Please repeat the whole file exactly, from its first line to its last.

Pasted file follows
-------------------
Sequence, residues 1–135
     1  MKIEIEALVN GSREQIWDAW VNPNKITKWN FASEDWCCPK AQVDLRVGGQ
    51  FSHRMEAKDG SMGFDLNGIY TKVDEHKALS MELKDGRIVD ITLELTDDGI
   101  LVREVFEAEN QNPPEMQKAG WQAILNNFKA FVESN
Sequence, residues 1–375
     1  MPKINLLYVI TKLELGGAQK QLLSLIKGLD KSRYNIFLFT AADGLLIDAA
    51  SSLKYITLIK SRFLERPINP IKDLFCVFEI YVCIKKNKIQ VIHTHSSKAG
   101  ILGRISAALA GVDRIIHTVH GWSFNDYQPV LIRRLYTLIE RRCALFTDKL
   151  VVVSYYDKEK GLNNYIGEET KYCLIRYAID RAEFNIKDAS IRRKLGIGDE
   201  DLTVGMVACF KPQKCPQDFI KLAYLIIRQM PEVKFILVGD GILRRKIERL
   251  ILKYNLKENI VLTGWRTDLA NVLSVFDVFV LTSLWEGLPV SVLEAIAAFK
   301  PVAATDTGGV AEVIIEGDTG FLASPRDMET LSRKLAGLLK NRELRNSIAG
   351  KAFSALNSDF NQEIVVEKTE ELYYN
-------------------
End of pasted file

Sequence, residues 1–135
     1  MKIEIEALVN GSREQIWDAW VNPNKITKWN FASEDWCCPK AQVDLRVGGQ
    51  FSHRMEAKDG SMGFDLNGIY TKVDEHKALS MELKDGRIVD ITLELTDDGI
   101  LVREVFEAEN QNPPEMQKAG WQAILNNFKA FVESN
Sequence, residues 1–375
     1  MPKINLLYVI TKLELGGAQK QLLSLIKGLD KSRYNIFLFT AADGLLIDAA
    51  SSLKYITLIK SRFLERPINP IKDLFCVFEI YVCIKKNKIQ VIHTHSSKAG
   101  ILGRISAALA GVDRIIHTVH GWSFNDYQPV LIRRLYTLIE RRCALFTDKL
   151  VVVSYYDKEK GLNNYIGEET KYCLIRYAID RAEFNIKDAS IRRKLGIGDE
   201  DLTVGMVACF KPQKCPQDFI KLAYLIIRQM PEVKFILVGD GILRRKIERL
   251  ILKYNLKENI VLTGWRTDLA NVLSVFDVFV LTSLWEGLPV SVLEAIAAFK
   301  PVAATDTGGV AEVIIEGDTG FLASPRDMET LSRKLAGLLK NRELRNSIAG
   351  KAFSALNSDF NQEIVVEKTE ELYYN